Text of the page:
While many of the weavings on display are substantial in size, there were some smaller pieces, as well. A collection from Thomas Stevens was similar in size to bookmarks. Working in the mid-1800s, this artist produced an extensive assortment of art pieces. He was one of the first weavers to mass-produce his pieces, which allowed him to expand his marketplace to the masses. Some of his more than 900 designs were used in greeting cards. A large portion of his company records was destroyed during World War II.

An assortment of pieces showcase the heyday of the keypunch style of weaving during the mid-1800s.

Picture in a Picture

While weavings have existed for hundreds of years, there are specific periods when it peaked. From what we could surmise, this was the 1800s. By that time, artists had nearly perfected their art. This stitch in time was heralded at many special events, like the 1851 Great Exposition in London. The National Silk Art Museum gives a nod to this with a collection of pieces about Joseph Charles (also called Jacquard). This French weaver played a pivotal role in the development of the keypunch system that revolutionized silk art. His portrait is seen not only in its original form but also replicated in a piece showing the ability of weaving looms to produce his likeness. It’s an early nod to the picture in a picture.

Seeing both sides of a silk art piece helps visitors better understand the detail that went into creating them.

A Two Sides to Every Story

After exploring the various galleries, we made our way back to the museum entrance. John was waiting for us and asked for our feedback. We spent a few minutes talking about all of the details that we discovered during our visit. Our discussion turned to the amazing details we found in the various pieces. John asked if we noticed the difference between the front and back sides of one particular weaving. When we mentioned we had overlooked it, he took us back for another look. We were amazed at the way the piece has an almost negative look when viewed from the opposite side.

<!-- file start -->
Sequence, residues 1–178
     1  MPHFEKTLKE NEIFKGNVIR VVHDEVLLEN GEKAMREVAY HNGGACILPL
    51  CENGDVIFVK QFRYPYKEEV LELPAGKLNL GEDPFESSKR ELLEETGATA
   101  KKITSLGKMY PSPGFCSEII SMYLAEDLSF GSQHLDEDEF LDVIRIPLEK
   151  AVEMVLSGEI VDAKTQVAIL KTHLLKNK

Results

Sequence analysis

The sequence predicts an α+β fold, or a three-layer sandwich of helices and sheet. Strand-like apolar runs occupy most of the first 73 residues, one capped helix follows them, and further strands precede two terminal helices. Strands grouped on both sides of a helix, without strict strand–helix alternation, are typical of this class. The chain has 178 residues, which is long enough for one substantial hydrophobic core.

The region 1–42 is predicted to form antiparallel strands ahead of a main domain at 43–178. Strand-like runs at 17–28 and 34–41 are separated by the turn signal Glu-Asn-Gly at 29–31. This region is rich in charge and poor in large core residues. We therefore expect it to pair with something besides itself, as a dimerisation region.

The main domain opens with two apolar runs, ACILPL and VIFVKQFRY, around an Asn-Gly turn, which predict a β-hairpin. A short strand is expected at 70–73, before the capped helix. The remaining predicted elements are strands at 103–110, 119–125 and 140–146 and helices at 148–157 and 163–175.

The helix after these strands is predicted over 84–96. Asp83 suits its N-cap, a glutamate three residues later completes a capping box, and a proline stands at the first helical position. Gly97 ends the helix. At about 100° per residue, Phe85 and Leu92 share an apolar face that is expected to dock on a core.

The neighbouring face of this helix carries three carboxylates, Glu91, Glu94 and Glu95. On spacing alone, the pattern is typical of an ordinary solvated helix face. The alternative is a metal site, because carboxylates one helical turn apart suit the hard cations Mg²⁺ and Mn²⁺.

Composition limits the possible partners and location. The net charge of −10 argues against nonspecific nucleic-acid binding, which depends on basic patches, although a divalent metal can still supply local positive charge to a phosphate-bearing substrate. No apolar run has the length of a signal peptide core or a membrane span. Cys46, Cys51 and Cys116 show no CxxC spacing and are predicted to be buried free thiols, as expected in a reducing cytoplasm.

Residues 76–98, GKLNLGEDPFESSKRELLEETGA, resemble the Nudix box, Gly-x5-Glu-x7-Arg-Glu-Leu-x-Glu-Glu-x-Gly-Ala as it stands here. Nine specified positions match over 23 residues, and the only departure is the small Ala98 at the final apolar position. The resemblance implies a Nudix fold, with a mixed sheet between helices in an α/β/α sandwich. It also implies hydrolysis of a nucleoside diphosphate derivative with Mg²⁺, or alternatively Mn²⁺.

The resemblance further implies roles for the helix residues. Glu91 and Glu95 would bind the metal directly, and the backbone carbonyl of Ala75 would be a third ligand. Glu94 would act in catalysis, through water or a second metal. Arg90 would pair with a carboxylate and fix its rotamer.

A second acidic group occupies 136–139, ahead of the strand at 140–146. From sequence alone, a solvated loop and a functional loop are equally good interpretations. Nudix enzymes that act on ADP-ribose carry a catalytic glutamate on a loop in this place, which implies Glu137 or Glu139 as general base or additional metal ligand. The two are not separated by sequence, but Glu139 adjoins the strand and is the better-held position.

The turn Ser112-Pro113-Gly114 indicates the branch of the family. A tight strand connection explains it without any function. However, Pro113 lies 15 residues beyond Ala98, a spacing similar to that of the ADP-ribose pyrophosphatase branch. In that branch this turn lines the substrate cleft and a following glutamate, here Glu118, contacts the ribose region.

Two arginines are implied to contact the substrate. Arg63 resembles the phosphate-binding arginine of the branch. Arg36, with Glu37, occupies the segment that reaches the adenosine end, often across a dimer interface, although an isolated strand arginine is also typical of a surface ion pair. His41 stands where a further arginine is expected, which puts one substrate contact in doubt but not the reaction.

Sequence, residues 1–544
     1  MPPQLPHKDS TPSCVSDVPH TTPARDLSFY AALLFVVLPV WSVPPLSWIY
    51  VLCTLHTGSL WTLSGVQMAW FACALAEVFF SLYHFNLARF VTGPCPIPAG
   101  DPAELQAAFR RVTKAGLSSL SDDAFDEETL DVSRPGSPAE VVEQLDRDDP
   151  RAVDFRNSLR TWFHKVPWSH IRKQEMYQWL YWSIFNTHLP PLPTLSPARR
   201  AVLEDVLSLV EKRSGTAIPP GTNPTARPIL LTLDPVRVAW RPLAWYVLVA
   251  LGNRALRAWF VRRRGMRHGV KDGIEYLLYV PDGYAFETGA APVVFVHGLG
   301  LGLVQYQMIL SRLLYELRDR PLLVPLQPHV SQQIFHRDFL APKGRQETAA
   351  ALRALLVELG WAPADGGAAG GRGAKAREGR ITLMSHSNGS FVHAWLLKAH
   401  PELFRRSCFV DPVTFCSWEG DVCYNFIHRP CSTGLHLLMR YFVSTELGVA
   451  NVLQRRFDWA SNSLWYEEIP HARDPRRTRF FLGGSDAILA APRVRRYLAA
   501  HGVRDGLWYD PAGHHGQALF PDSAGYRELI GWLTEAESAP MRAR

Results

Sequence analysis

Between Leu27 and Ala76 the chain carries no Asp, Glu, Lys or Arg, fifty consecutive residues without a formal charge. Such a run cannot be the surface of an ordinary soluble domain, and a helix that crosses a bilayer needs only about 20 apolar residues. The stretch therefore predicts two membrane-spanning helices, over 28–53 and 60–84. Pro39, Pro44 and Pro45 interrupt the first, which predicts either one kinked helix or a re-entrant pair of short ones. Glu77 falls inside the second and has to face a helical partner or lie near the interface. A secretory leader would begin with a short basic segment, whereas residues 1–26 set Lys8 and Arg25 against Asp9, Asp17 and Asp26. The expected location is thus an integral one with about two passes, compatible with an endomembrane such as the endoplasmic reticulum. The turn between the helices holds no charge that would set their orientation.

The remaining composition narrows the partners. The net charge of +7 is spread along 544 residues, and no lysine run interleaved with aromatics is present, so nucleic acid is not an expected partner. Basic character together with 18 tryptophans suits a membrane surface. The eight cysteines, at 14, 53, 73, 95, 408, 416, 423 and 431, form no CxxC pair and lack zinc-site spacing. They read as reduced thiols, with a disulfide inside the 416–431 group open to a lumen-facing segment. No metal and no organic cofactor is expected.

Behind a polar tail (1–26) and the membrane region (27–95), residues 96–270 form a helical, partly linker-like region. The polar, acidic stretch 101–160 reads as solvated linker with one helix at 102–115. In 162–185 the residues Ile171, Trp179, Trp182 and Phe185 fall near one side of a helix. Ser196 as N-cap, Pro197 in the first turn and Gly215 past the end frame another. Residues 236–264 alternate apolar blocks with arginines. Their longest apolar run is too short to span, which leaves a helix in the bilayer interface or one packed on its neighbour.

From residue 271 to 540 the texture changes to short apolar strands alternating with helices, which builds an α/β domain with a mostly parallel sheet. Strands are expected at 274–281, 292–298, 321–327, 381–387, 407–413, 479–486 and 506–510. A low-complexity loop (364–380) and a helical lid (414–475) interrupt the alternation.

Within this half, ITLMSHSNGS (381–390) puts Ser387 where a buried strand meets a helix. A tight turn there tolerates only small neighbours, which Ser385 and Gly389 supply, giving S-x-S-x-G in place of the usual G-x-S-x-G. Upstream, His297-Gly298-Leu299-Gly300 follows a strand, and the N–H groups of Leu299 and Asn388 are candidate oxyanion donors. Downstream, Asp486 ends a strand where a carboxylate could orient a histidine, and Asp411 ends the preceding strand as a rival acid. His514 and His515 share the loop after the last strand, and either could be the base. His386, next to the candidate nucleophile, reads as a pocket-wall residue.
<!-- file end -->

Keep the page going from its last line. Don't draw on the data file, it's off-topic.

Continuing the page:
The authors explore the galleries at the national Silk Art Museum.

Awe-Inspiring Artwork

When we entered the National Silk Art Museum we were unsure of what to expect. Little did we know that this visit would open our eyes to this unusual art style. While we have seen our share of tapestries and other textile artwork, at places like the Nelson-Atkins Museum of Art, the techniques used to create them had escaped us. Armed with this new appreciation for the labor of love required, we felt satisfied that we had continued our adult education. This visit was our own little stitch in time that brought us a new appreciation for an underappreciated art form. How many of you knew about keypunch card processes in the 1800s?

the authors signatures.

16 thoughts on “A Stitch In Time – National Silk Art Museum”

  1. Well written, the museum has its prime interest is in the French weavings of Neyret Freres and the German weaver Cammann Gobelin.
    Use of key punch cards in weaving started with Basile Bouchon in 1725, Falcon 1728, Vaucanson 1745, LaSalle 1770, & jacquard in 1801.
    Enjoy visiting this history museum.

  2. Now that is a dedicated person who puts his money where his passion is and love people who collect to inspire and share art with others to enjoy

  3. Carole Terwilliger Meyers

    I’d love to visit the National Silk Museum and see the collection of silk “paintings” up close–the best way to see such intricate work. Sounds like a gem.

  4. What an interesting museum. I’m not familiar with silk art and would certainly enjoy going through the museum to learn more. I love coming across museum gems like this. And I love checking out small town museums – it’s amazing what one can discover in them!

  5. As someone who worked with silk fabric painting (with dyes) for over 20 years, the National Silk Art Museum would be a spot I’d love to visit. I’ve always been fascinated with the many ways artists can “paint” on silk. If I ever get to Weston, this will be tops on my list!